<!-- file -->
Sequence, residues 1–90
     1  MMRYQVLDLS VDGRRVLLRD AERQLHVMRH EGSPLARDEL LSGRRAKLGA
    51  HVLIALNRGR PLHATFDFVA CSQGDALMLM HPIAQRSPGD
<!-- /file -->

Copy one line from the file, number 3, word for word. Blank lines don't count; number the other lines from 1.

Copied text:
    51  HVLIALNRGR PLHATFDFVA CSQGDALMLM HPIAQRSPGD